On Cyber-Social Meaning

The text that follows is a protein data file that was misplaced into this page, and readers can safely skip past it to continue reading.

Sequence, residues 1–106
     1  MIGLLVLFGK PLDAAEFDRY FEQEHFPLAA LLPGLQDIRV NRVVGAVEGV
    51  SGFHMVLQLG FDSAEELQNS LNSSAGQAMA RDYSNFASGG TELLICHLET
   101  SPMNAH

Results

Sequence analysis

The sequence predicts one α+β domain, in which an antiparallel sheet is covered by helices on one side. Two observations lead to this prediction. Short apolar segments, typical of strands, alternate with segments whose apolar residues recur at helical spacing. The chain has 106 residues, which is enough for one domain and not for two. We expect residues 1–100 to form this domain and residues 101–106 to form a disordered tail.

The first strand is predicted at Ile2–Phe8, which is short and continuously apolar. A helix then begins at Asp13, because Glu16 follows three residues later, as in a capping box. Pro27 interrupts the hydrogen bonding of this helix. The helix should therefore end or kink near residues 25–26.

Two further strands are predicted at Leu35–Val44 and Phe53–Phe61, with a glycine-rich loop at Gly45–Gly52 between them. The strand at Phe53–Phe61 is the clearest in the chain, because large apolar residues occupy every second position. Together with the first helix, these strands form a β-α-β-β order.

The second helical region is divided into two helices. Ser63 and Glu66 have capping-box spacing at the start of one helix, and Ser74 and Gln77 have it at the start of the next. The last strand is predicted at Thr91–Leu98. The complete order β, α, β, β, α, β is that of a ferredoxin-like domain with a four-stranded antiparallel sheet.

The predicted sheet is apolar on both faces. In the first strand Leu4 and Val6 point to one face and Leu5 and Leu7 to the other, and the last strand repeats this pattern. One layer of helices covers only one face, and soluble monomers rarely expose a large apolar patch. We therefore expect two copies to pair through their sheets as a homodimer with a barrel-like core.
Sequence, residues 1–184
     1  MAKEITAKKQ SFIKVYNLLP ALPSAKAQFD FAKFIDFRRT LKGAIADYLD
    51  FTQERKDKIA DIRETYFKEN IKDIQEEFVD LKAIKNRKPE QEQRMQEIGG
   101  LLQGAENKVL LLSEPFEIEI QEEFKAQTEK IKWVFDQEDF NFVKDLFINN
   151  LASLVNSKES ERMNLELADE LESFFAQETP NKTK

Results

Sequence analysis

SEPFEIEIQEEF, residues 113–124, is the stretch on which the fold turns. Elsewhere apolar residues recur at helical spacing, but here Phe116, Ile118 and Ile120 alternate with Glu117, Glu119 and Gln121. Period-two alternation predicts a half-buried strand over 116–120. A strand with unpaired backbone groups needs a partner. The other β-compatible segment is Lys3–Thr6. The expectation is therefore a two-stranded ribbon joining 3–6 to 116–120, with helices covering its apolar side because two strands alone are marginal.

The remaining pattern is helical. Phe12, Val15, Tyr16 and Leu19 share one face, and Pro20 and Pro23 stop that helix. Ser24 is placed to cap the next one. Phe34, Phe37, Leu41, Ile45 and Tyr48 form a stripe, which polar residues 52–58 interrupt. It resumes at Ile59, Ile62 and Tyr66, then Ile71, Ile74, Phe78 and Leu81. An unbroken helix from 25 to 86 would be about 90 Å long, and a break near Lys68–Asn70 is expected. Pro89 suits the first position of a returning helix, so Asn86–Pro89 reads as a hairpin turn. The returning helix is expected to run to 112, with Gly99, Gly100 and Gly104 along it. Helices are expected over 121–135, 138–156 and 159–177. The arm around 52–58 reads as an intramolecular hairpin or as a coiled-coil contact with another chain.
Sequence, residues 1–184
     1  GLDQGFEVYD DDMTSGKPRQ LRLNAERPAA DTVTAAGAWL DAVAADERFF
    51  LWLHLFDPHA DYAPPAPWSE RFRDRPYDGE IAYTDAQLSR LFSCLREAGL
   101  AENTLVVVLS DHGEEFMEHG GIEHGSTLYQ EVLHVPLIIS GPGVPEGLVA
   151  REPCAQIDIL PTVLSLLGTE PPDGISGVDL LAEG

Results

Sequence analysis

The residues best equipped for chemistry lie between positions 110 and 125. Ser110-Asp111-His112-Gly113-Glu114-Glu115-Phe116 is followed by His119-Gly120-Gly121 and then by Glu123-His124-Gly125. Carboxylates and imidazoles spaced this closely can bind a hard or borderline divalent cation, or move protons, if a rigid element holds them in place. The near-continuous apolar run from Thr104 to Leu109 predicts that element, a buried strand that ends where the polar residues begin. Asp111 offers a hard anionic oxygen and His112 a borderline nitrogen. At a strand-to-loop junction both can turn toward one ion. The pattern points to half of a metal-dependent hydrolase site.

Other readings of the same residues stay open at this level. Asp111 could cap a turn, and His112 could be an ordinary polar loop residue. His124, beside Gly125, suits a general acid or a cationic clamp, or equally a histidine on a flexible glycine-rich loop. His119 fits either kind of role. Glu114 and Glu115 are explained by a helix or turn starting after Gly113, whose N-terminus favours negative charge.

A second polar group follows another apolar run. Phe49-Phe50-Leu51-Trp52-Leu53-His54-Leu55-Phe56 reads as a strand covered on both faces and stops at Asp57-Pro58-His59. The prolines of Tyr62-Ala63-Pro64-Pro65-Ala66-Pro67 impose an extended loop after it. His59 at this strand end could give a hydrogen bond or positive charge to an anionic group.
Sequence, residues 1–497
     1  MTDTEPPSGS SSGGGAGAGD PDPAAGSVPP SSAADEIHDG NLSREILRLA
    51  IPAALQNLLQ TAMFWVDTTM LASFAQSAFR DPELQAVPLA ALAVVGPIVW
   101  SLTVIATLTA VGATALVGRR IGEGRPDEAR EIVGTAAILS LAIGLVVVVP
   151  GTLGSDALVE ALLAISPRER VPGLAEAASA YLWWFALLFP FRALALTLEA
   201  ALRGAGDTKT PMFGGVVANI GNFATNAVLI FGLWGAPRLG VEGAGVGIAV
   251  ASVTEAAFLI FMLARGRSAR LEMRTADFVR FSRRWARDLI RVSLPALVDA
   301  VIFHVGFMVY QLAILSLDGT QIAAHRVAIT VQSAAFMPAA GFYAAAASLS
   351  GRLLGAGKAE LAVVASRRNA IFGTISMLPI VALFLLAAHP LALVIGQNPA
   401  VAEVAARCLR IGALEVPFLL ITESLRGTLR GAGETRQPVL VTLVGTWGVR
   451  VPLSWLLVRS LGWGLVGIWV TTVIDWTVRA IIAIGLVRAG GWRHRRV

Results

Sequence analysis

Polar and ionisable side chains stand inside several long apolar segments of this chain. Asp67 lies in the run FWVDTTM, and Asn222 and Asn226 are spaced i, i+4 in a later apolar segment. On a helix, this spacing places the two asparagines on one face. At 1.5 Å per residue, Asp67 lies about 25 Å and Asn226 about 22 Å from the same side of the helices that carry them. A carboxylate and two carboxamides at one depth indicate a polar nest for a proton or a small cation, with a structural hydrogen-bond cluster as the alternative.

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Much of the focus of recent discussion about the nature and social impact of computing has been on algorithmic processes that purport to imitate humans by their “artificial intelligence.” This has been to the neglect of semantic processes managed by computers, and these are particularly powerful because their scope and effects are so different from human intelligence. The semantic processes that we examine in this article radically extend the limitations of natural language, long-term memory, and the range of sensitivity of the human sensorium. To make its case, the article takes as its reference point some semantic primitives, expressed in traditional grammar as nouns, adjectives, verbs, and prepositions. Parsing these semantic datum points in computer-mediated meaning, we find emerging a new alliance of the social and the mechanical, a human–machine symbiosis that we call “cyber-social meaning.” This has the potential to change our human meaning capacities as much as literacy did at the time of its emergence, whether for better or for worse. The result is a frame of meaning that subsumes and in some respects supersedes natural language, that grounds representation in the material, and that for practical purposes turns semantics into an ontological question.